post #7 of 11

I have a friendly acquaintance that is a golf pro.  He said that he gets different pricing than Dick's Sporting Goods or other large retailers because of their volume.  He'll pay more and have to sell it for less than they will.  His club selling volume is waaaaay down over the last couple of years.  Not sure about specifics, but he said just beats his break even now on equipment.  He carries product as a courtesy to course membership and doesn't expect to make much on clubs.

post #8 of 11

I just stumbled across this thread and thought I would add my two cents. To kind of add a little more on the cost side of things here are some interesting points. I lived in S. Korea from 04-10 and I was friends with a golf rep for a major company. He informed me that with his company 64-72% of the retail price for the product goes to player endorsement. I am sure the other companies are somewhere in line with that. Funny thing is, if you ever get a chance to go to China and see the factories and take a tour, you will see that a lot of heads are made in the same foundries. They will have a load come off the line and get divided up. The same heads go into different stalls and get stamped and decorated with different markings. That's where a lot of "clones" come from. It is the exact same head, just stamped differently. Not every brand does it this way but a lot do. The cost of manufacturing clubs in China is so cheap you would not believe it. There is a good reason why clubs are made there now and not here. Money. The foundries never shut down, assembly shops operate 24/7, workers live at the factories in dorms. It is crazy in China. Go down one street and by clone irons for 50 bucks or go over two streets and buy real ones for 200, 8 irons, bag, wedge or two and a driver. Cosmetic blems is about it. Go to Mission Hills and pay top dollar. Makes you wonder how can a 400 driver from 2013 be 129.00 today and someone still make a profit. Cost the driver only cost 2.00 to make to begin with.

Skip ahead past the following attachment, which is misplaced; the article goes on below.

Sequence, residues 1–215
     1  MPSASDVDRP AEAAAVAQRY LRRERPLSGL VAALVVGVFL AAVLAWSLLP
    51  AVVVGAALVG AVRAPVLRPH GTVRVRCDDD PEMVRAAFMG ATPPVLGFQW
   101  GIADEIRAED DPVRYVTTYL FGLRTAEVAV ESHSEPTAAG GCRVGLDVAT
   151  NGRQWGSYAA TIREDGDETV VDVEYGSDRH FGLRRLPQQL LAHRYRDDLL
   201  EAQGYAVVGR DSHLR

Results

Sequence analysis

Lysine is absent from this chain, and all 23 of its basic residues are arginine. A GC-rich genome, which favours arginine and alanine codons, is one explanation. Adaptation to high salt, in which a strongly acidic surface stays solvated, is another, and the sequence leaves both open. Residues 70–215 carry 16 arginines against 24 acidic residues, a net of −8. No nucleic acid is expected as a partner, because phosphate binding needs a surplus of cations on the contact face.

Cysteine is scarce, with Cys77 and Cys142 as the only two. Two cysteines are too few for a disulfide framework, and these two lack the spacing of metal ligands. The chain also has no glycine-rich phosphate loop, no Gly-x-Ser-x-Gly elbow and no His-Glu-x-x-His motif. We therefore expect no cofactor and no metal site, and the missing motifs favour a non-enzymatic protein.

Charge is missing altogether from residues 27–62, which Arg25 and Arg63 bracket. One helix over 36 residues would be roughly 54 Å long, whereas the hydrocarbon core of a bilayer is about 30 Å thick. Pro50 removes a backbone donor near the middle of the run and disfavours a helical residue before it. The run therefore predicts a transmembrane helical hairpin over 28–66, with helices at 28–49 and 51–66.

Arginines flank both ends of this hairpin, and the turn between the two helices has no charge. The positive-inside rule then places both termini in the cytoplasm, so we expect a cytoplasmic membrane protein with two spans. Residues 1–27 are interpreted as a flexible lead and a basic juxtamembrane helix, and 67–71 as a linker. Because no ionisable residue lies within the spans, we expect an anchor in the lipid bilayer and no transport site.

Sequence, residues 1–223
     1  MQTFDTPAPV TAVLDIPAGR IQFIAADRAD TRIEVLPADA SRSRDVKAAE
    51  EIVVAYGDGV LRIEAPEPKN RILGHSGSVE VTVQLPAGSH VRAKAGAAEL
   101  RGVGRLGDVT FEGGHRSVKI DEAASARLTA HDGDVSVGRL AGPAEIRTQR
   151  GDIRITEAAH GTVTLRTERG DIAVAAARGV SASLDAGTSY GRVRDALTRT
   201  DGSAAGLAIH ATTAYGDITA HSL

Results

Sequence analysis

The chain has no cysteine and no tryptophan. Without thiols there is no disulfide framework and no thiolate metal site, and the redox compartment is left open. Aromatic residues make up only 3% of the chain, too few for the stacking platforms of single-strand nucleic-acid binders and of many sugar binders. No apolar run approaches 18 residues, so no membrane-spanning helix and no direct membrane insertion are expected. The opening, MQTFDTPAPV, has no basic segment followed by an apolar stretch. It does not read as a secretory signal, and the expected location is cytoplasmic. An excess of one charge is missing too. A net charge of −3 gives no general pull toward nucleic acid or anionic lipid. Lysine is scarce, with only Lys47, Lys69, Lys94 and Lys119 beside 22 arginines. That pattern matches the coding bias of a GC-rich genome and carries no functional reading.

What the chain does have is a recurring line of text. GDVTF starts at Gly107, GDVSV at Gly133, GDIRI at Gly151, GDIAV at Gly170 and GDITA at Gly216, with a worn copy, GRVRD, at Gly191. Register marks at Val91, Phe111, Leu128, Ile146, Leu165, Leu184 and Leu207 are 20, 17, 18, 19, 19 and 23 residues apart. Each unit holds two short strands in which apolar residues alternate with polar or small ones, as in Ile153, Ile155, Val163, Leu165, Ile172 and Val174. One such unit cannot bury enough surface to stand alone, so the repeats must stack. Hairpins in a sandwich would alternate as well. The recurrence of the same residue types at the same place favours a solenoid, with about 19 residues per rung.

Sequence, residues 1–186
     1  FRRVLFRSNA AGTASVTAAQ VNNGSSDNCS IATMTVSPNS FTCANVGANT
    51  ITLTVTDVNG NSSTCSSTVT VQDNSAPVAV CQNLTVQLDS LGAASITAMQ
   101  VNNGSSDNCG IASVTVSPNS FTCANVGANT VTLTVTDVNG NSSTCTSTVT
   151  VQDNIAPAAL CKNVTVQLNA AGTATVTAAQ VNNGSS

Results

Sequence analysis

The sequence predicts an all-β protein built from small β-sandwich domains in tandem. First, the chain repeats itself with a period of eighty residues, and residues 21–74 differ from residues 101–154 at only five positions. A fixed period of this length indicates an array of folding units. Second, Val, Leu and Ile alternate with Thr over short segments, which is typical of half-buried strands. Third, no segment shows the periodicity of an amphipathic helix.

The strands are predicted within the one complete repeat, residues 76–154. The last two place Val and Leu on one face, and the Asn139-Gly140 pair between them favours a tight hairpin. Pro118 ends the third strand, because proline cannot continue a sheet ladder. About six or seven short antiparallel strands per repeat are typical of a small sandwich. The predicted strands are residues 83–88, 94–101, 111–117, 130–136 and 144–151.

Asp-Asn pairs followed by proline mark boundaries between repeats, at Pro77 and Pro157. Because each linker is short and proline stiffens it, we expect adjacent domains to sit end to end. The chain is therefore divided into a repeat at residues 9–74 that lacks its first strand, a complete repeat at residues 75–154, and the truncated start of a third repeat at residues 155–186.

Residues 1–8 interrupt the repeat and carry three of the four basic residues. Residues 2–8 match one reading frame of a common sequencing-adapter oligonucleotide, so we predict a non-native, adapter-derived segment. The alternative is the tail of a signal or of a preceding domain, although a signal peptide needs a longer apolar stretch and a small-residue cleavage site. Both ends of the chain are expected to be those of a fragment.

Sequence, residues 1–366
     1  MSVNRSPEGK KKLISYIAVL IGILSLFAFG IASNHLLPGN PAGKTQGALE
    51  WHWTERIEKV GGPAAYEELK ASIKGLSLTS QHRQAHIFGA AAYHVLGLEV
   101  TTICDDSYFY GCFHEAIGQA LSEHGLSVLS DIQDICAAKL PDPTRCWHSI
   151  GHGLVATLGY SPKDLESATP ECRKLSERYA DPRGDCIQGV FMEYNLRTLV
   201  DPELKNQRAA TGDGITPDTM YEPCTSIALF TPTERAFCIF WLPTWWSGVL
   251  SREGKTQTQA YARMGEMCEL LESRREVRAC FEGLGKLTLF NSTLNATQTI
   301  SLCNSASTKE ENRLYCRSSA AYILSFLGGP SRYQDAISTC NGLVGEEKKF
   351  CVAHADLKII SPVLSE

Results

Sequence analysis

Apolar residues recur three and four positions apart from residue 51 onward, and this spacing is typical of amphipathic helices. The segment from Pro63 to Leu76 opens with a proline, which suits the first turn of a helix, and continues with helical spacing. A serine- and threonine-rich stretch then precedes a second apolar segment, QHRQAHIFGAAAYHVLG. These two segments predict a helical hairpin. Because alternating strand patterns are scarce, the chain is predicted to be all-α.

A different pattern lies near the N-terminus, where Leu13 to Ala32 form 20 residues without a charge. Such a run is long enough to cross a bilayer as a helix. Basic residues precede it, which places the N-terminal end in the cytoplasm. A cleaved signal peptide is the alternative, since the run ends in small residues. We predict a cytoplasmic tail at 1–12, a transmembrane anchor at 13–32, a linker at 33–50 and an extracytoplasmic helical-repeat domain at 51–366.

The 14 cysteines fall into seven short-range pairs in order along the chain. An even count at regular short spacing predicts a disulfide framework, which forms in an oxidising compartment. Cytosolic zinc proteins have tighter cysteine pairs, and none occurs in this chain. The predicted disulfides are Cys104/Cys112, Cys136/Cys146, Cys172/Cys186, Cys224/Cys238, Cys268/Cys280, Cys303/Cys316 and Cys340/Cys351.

post #9 of 11

Why can you get a graphite driver shaft for $50 or $350? Is there really that much difference in their mfg and performance?

post #10 of 11
Originally Posted by Fozcycle View Post

Why can you get a graphite driver shaft for $50 or $350? Is there really that much difference in their mfg and performance?


Difficult question. 


Mostly its about feel. More price you can get a stout shaft that feels softer. Even that is subjective though. 


Numbers-wise you probably wont see much difference. Were it really hits a golfer is someone with a very high swing speed. It gets tricky because of how the shaft loads. These shafts just don't have the market outside of very good players, so they cost more. You get higher torque, less weight (less material), not as stiff shafts. There is a lot of volume being sold of those compared to other shafts. 


Though in terms of pricing, those shafts should be priced more actually because the volume is higher. Price should go up as demand goes up. Oh well. 

post #11 of 11
Most of the time in retail, items have different mark up percentages. Retail is what I do for a living and marking merchandise at a standard percentage will not work. You also have to factor in buying practices. Most manufacturer s will offer buying incentives for retailers on new or discontinued product. So I guess the simple answer is it depends on your location and the retailer you are purchasing from.